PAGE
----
CCTV (closed-circuit television) systems tend to provoke a rather mixed public reaction. Whilst some people feel that cameras in public places are somewhat intrusive, others feel they contribute to a feeling of security, and places feel generally safer. In particular, those travelling alone on public transport rather welcome the sense of security offered by CCTV cameras. On the whole, the advantages of CCTV security systems considerably outweigh the perceived disadvantages.
First, CCTV security systems, simply by being installed, can be sufficient to put off intruders, stopping them dead in their tracks. There is no stronger deterrent than the thought of being ‘caught in the act’ in full colour, on film.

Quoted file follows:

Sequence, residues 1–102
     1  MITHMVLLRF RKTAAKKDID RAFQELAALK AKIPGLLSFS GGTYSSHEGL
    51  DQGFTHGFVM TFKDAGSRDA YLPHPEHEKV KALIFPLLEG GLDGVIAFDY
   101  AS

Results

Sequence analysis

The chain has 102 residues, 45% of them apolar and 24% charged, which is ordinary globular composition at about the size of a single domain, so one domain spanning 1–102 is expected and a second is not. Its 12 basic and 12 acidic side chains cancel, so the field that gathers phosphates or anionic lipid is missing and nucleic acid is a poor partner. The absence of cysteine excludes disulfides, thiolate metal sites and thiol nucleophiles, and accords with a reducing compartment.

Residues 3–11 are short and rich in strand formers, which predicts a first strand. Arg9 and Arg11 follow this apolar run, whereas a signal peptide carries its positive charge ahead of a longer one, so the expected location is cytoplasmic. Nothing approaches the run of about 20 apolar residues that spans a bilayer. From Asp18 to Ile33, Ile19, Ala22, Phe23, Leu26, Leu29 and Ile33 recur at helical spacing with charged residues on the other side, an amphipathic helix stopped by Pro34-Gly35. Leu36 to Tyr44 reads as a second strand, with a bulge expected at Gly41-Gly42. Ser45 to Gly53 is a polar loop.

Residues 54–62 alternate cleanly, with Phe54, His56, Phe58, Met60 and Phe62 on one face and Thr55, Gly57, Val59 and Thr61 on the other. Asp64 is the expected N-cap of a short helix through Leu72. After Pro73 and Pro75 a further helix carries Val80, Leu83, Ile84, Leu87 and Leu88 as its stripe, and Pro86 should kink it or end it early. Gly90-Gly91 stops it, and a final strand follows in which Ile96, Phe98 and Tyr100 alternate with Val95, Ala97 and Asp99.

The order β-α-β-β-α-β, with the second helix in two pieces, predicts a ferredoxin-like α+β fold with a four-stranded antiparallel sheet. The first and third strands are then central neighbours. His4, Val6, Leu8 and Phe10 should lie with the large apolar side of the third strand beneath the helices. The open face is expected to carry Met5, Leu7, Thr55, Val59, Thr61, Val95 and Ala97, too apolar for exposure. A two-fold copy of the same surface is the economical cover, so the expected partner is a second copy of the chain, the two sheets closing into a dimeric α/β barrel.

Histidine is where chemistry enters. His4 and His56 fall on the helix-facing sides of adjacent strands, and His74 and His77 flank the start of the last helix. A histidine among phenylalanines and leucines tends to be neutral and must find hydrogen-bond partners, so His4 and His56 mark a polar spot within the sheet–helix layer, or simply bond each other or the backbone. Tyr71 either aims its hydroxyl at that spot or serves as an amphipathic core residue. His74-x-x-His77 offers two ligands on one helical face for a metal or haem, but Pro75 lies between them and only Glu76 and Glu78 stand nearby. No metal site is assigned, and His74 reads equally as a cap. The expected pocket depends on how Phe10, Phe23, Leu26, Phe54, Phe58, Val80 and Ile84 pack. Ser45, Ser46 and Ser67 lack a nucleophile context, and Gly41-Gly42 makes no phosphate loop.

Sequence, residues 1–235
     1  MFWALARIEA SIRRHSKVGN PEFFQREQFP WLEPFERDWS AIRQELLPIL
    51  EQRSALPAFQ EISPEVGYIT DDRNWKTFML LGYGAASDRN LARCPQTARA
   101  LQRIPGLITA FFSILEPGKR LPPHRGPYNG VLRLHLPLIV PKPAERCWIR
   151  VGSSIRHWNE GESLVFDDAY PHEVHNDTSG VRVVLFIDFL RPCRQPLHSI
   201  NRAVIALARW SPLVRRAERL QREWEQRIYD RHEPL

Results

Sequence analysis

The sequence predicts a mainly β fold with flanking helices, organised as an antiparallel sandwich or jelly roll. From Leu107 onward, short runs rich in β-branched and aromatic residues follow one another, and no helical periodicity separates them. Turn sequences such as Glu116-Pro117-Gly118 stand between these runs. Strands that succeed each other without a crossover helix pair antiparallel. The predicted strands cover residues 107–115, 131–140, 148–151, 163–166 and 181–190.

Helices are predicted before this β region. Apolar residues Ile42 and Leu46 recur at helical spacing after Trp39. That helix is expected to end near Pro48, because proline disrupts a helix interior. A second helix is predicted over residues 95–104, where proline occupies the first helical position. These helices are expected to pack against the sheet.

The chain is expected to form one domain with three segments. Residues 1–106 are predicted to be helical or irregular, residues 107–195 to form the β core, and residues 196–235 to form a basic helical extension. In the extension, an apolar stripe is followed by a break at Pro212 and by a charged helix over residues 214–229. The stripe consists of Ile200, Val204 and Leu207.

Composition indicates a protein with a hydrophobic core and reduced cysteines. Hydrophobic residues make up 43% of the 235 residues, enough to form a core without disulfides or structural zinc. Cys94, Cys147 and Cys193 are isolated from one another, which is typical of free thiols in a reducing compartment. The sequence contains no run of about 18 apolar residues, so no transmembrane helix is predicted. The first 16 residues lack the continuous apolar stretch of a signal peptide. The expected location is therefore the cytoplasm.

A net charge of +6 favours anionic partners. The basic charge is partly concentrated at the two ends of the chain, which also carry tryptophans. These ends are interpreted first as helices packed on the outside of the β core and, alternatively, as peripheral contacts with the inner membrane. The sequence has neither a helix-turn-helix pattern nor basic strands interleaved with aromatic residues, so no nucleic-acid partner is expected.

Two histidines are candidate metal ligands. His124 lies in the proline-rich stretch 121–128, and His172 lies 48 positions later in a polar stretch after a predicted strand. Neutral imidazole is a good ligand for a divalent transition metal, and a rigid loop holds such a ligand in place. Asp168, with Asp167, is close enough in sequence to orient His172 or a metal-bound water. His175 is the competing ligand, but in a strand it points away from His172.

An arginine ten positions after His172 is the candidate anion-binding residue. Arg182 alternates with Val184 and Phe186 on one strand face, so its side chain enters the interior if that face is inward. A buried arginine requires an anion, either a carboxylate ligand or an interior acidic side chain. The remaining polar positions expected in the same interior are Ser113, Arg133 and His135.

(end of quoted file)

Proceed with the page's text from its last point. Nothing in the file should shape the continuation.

Moreover, there is evidence that CCTV reduces crime. One recent study found that CCTV security systems in car parks reduced crime by some 51 per cent, and on public transport CCTV led to a 23 per cent decrease.
CCTV also helps considerably with insurance premiums and claims, especially in the public and private premises sector.
What is more, CCTV security systems are becoming increasingly sophisticated, making the lives of potential criminals even more uncomfortable. Video surveillance is becoming increasingly sharp and accurate as the technology is developed, partly due to higher real-time video resolution, and partly to increased computer storage space for larger video files.
Finally, video surveillance is now becoming ‘intelligent’, detecting suspicious movements according to predefined algorithms, and triggering alarms in real time, without the video having to be played back and reviewed.